In this most unusual opening week at the Stratford Festival, patrons have been sent home emptyhanded (bomb threat on Monday), delighted with extraordinary movement (The Music Man) and plunged into the depths of despair (Long Day’s Journey into Night)—cross-references below.
How absolutely brilliant, then, that Oscar Wilde’s pillory of love, marriage, duty and honesty appeared just in time to cleanse the human palette, reminding one and all that (a) it is always beneficial to laugh (especially at ourselves) (b) human foibles will never be exterminated so long as choices—fuelled by all manner of unexpected circumstances—have to be made in the twinkling of an I.
Key to it all is Wilde’s uncanny understanding of human nature even as the Queen of Lavender was persecuted and jailed—just months after An Ideal Husband opened—for knowing himself better than the rest of “society” wanted him to.
In this, er, outing, the playwright’s on-stage mouthpiece (Lord Arthur Goring) had an exceptional advocate in the personage of Brad Hodder, whose demeanour, mannerisms, timing, body language and delivery could hardly be improved upon if Wilde worked the Avon Theatre’s boards himself. More, please!
Director Lezlie Wade wisely let Hodder carry the show; her trust in the decision was largely rewarded.
Designer Douglas Paraschuk captured this opulent era of the privileged (1895) with large-linked sets which didn’t stint on details (notably the Master’s portrait) even as Diana Coatsworth’s choreographed scene changes rightfully drew admiring applause just as the fly tower readily devoured the main courses. [Note: June 4: A reader kindly pointed out that, in fact, these transitions were from the creative mind of Wade.]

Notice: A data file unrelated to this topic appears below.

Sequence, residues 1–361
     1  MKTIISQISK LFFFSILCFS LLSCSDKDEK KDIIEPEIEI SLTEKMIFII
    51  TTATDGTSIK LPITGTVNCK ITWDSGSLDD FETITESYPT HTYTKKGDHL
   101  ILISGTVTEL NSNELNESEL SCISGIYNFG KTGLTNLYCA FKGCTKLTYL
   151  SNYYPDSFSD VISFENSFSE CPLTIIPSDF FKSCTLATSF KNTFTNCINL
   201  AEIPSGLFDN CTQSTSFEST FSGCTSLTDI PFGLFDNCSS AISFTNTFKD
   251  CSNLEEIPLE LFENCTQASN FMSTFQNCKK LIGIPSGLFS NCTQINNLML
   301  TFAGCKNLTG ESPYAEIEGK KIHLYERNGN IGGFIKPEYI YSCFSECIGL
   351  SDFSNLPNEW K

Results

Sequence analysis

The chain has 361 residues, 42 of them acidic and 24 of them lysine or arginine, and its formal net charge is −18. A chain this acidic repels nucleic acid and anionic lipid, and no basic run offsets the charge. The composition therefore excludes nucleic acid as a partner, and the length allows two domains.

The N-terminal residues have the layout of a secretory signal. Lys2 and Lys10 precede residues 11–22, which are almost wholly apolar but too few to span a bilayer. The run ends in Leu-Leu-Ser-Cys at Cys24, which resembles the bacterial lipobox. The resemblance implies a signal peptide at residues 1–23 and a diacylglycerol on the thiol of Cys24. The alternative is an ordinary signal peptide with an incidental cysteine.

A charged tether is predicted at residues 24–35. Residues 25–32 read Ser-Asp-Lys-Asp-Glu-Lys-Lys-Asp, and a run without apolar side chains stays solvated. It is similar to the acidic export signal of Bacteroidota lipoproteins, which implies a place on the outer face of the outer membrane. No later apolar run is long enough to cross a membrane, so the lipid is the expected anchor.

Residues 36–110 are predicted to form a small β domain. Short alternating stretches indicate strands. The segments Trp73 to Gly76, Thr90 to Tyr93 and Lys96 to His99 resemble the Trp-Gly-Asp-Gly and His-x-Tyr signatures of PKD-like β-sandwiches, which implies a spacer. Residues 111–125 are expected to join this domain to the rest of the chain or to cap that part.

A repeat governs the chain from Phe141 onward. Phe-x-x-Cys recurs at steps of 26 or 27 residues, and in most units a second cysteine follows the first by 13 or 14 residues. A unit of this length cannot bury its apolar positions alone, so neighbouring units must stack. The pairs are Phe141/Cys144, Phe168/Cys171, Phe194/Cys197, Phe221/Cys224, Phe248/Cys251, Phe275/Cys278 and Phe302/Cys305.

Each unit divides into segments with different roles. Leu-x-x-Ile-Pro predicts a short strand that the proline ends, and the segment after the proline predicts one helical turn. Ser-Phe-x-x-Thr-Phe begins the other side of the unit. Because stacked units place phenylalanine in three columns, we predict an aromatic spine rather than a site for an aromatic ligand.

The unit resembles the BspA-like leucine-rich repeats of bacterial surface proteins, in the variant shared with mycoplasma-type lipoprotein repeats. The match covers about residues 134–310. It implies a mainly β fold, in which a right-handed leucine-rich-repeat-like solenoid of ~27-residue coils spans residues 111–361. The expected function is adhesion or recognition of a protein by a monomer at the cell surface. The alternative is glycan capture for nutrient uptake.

The costumes were also a marvel of invention, from Lord Goring’s foppish purple jacket to all manner of bonnets, jewels, full-length gloves and boutonnieres that any woman, or man of courage, would die for. Leslie Arden’s recorded score was cello rich (Julia MacGregor doing the honours) and at one with look and feel of the production.
As the, apparently, unblemished MP, Sir Robert Chiltern, Tim Campbell does a credible job of being audaciously confronted with a considerable sin of the past (selling a government secret for a fortune) while his wife, Lady Gertrude Chiltern (Sophia Walker managing the wide range of emotions with ease), learns much more than she ever wanted to about the power of forgiveness in keeping reputations from being soiled and revered stations intact.
Bahareh Yaraghi does her level best playing the forever opportunistic Laura Cheveley but needs a few drops more of serial villain in her tone to convince. Her witless companion and introducer extraordinaire, Lady Markby, begins with comedic promise in the hands of Marion Adler only to become too much of a one-note disclaimer to balance the necessary moments of unbridled bombast.
Sir Robert’s sister, Mabel, admirably fulfills the role of what is known these days as “fag hag” by the effervescent take cobbled together as Zara Jestadt. Bringing light wit and dollops of sage wisdom to his every utterance is Joseph Ziegler’s characterization of Lord Goring’s longsuffering father, the Earl of Caversham.
Falling on the footsteps the opening week’s offerings—whether seen or not—and amidst the avalanche of how the mighty are getting their comeuppance in recent years, An Ideal Husband works copious amounts of forgiveness into the mix, letting the fibbers off with a mere slap on the wrist while the 21st century has—finally in many cases—put justice ahead of entitlement. And that is no laughing matter. JWR